A Downloader's Diary (44): December 23, 2015

by Michael Tatum

Those who have suffered through my brief introductions to this column over these past few years know two things about them. First, I hate doing them. And second, the dark days of November/December are my least productive weeks of the year. So there aren't as many records discussed below as have been knocking around my download folder. However, unlike my usual practice, I'll keep plying through 2015 well into 2016 -- and will certainly find time to say nice things about Courtney Barnett, who certainly has earned a slot in my top five.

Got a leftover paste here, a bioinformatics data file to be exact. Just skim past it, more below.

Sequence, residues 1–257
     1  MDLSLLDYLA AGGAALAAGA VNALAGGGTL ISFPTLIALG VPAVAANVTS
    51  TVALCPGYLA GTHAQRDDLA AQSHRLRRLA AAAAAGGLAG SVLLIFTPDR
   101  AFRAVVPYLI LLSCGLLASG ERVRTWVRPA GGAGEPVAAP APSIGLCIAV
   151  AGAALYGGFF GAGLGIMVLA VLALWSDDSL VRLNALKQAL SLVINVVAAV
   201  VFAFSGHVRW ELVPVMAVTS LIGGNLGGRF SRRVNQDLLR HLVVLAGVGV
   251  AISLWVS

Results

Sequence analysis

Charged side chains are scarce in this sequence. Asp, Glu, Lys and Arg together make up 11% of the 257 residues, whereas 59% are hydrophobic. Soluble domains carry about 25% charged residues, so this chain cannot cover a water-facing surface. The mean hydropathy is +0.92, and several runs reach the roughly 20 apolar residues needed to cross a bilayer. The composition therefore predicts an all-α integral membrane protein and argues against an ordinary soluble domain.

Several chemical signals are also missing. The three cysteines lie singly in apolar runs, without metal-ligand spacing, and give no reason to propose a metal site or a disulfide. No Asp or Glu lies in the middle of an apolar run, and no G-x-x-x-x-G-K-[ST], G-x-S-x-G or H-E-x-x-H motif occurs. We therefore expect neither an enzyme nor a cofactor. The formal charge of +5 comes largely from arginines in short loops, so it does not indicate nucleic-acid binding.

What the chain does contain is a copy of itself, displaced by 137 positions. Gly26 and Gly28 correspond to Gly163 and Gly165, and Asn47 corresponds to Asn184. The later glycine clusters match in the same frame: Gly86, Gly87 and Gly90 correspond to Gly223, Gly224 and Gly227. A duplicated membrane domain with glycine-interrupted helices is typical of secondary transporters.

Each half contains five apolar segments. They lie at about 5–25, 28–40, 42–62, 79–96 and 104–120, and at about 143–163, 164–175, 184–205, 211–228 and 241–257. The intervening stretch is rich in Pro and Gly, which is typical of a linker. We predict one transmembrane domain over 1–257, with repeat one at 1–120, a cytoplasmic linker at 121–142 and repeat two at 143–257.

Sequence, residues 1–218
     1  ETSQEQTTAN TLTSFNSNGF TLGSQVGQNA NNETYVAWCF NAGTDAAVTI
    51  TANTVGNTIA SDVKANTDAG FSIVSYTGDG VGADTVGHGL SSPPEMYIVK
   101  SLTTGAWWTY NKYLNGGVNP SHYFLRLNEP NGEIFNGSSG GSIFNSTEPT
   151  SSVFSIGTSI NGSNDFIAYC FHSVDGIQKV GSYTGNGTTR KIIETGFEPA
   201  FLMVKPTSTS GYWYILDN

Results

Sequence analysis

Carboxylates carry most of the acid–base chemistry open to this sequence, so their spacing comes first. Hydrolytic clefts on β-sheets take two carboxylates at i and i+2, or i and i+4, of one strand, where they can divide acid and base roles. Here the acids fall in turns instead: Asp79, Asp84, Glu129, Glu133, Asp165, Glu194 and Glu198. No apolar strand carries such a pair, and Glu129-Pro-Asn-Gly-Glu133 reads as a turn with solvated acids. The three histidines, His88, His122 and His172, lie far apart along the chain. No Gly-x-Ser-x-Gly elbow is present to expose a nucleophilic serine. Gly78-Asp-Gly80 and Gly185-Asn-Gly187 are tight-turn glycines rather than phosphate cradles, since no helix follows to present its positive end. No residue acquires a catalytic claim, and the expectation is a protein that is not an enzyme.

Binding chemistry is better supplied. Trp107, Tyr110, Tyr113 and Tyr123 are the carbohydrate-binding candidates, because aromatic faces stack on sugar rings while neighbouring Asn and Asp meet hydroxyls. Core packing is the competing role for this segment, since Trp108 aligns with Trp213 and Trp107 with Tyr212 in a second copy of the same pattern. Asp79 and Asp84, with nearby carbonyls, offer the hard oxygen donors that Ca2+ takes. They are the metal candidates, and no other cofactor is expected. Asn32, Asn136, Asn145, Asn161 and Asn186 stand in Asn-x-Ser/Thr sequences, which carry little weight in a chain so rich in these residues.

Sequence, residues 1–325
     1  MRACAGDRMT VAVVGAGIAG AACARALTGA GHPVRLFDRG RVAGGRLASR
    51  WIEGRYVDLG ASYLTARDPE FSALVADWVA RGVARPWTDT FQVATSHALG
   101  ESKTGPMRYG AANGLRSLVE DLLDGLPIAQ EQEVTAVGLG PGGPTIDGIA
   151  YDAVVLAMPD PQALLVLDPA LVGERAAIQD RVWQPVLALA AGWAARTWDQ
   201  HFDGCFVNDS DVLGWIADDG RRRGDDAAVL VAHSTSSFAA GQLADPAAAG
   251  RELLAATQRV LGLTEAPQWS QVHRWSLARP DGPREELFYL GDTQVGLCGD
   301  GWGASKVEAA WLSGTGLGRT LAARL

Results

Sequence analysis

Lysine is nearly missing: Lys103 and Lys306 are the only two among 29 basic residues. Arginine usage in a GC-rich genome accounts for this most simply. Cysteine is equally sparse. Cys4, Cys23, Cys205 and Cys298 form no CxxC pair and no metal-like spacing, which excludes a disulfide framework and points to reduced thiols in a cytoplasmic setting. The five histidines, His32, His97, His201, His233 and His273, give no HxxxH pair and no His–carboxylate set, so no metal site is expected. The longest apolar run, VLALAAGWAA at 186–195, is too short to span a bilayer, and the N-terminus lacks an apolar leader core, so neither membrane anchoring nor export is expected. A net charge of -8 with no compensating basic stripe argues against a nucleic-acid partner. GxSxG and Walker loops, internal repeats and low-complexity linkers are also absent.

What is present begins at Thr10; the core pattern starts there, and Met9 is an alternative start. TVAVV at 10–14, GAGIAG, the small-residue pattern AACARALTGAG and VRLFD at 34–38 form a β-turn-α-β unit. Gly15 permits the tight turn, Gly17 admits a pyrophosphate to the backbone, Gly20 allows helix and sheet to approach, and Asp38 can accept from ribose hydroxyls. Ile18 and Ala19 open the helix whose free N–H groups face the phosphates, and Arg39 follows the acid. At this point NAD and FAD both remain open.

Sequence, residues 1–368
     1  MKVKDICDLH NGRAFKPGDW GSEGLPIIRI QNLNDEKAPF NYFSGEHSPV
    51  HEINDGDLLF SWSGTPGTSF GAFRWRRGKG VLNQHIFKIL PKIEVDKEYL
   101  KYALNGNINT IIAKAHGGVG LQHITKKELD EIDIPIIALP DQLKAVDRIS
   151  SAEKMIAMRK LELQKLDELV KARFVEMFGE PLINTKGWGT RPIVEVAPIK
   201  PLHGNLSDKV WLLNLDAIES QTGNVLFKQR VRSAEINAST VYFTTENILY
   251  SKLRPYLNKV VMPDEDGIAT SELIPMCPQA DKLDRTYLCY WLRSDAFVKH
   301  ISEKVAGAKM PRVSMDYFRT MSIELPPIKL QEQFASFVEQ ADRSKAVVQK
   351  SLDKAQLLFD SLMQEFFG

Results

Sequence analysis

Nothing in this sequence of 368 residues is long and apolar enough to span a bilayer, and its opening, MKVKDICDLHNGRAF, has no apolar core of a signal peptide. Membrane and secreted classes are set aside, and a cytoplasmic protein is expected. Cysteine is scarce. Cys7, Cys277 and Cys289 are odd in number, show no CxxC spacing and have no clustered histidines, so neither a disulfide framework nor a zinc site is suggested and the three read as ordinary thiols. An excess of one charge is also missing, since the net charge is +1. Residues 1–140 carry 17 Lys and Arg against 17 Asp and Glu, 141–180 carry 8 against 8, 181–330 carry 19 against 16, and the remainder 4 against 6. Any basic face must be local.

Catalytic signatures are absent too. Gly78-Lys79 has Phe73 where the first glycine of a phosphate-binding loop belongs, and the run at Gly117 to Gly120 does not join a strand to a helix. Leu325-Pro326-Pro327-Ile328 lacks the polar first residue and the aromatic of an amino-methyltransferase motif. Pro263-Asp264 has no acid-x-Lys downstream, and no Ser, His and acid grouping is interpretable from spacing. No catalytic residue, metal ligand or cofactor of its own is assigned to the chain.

Laurie Anderson: Heart of a Dog (Nonesuch) Because I've absorbed this companion record to Anderson's documentary of the same name over a dozen times on headphones, I disagree that this gorgeous song cycle doesn't contain any "music." In any case, without her deep, rich backgrounds, her natural speaking voice has always been musical in its timbre, cadences, and timing, as in this well-turned joke: "Now I had heard rat terriers could understand 'about' . . . five-hundred words, and I wanted to see . . . which ones . . . they were." But what makes these meticulously structured remembrances of Anderson's mother, childhood, and artistically-inclined dog Lolabelle endlessly fascinating aren't individual parts per se, but rather how these strands of memory, when tied together, explore how we approach death, and how discovering what connects the living, the dead, and the things we leave behind doesn't make the process any less impenetrable. Like Anderson, I keep my own mysteries. Why did I burst into laughter when the mariachi band began to play "De Colores" at my grandfather's funeral -- the song I associated with him -- before I broke down crying? When our beloved beta Ruby passed away, why did I sob about him being "my little boy" while sitting with my wife in the office of Forever Friends Pet Cremation? Anderson explores her own riddles by connecting parallel lines of thought: between a diving board accident that puts her younger self in traction and trying to pinpoint the one moment she thought her mother loved her. How Kierkegaard's observation that "Life can only be understood backwards, but it must be lived forwards" recontextualizes a Lou Reed song she doesn't cover, but lifts wholesale from Ecstasy. Then there are paradoxes she leaves unresolved: casually mentioning she's seen three ghosts in her lifetime, but only reveals the identity of one. How the meaning of a repressed memory -- the self-serving nature of storytelling -- negates the driving force of her entire career. And what is the meaning of Anderson's dream, in which she invents a way for doctors to sew Lolabelle into her stomach so that she can give birth to her? "It's just the way . . . things had to be," Anderson notes sadly. I think of Ruby and I understand. Like Lou and Laurie, my wife and I never had children either. A PLUS